There are three options for risk – mitigate, accept or transfer. But a vital element in the decision process is quantifying the cost or value loss a company would incur if a threat comes to pass. When it comes to cybersecurity risks, these facts do not change, but how to quantify the real-world impact is a task companies are struggling with, including insurance companies which are becoming more engaged in the transfer solution.
While there are direct measurable impacts of the financial losses companies have incurred from data breaches, that loss may be inconsequential compared to the reputation loss that often accompanies a breach. Allianz, a major player in business insurance, recently estimated the annual financial impact of cyber crime at $445 Billion across the 10 largest markets. This level of risk is driving significant investment in cybersecurity infrastructure as it should, but companies are beginning to look for insurance products to provide a backstop or safety net as a second line of support.
In their publication A Guide to Cyber Risk: Managing the Impact of Increasing Connectivity, Allianz indicates that insuring against cyber crime is growing rapidly, but continues to evolve rapidly as well. Further, they go on to explain that quantification is “challenging, but feasible,” Companies must go look beyond traditional operational-risk tools that focus only on revenue losses, and evaluate “a broader set of losses associated with cyber attacks . . . The direct revenue losses for the companies involved in a cyber attack can be nearly negligible compared to the reputational damage incurred, which in turn can lead to future revenue losses. That is why it is essential for managers to quantify cyber risks more broadly.” Consider what the reputational damage must be if $445 Billion in financial losses is considered negligible!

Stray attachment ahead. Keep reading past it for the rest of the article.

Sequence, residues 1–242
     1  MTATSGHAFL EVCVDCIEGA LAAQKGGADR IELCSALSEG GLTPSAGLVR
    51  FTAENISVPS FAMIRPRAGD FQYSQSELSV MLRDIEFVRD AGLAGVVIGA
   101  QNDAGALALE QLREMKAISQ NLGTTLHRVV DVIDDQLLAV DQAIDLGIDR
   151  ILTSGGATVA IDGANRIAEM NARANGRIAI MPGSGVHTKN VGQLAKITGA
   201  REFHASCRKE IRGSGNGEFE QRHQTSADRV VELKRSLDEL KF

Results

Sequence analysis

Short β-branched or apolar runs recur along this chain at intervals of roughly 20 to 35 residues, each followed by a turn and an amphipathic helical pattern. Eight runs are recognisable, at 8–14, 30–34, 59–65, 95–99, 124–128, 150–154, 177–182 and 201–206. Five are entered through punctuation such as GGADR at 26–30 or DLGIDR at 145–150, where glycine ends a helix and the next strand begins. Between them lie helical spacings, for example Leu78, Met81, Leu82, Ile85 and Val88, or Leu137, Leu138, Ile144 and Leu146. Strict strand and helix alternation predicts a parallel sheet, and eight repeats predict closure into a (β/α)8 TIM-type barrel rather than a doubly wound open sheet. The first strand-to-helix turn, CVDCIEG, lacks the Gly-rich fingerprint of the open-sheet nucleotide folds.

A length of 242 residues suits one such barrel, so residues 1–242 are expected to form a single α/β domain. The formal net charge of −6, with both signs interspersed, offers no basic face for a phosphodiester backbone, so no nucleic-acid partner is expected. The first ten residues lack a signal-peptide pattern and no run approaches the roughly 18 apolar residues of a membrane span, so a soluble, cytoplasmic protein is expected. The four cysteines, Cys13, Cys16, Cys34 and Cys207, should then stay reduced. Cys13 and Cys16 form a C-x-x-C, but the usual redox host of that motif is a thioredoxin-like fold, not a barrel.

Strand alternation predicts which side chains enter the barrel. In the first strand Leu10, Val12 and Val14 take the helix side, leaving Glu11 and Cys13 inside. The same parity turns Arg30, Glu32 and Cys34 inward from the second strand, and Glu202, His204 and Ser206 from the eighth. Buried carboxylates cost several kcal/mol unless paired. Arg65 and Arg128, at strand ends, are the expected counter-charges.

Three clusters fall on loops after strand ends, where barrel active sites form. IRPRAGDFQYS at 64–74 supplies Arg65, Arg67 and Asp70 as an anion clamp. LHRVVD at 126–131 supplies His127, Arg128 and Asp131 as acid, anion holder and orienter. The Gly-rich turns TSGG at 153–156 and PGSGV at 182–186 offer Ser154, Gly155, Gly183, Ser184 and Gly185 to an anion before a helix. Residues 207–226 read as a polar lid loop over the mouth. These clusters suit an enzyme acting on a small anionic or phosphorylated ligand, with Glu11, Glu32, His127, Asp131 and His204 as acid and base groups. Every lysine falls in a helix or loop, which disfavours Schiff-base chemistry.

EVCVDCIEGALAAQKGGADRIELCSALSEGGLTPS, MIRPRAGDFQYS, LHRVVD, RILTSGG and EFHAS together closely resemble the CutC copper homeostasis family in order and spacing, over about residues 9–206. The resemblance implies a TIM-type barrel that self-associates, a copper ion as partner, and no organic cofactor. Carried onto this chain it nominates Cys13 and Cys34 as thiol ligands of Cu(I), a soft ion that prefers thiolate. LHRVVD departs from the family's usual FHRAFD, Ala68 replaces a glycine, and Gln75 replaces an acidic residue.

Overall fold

Preventing a breach and avoiding the media attention it would bring is better than purchasing insurance to shield your company from the effects. According to Emily Cummins, a RIMS board member and managing director of tax and risk management for the National Rifle Association, “most reportable data breaches are triggered by unintentional employee error,” and, “emphasizing year-round employee security training sends a strong message that an organization is a good insurance risk because they’re doing the best they can to prevent a reportable event.” This is a common theme across cybersecurity conversations. Employee training needs to be a major part of the fight against cyber crime. In the same article, Christine Todd Whitman, former governor of New Jersey quoted saying “In some of the companies with which I’ve been involved, one of the biggest problems is employees inadvertently opening an infected email or document because cyber hackers have gotten so good at disguising who and what they are.”
Modern training techniques utilize quantifiable and measurable methodologies to drive long-term behavior changes in employees. A traditional “one-and-done” annual review program is not going to keep up with the constantly changing threat approaches. For example, “Spear Phishing” is not new. One might think with the experience and history we have with this attack vector it would be extinct. Yet it continues to flourish as a key means for attacks to be perpetrated and thwart the first line of cybersecurity defense. This is primarily because the quality of the bait keeps changing and improving, luring employees to take that bite. Instead of just purchasing insurance to protect against financial loss, get aggressive with providing your employees the skills they need to detect and prevent some of the most common sources for attacks! Engage a training methodology that is continuous, measurable, and adaptable that keeps up with the times!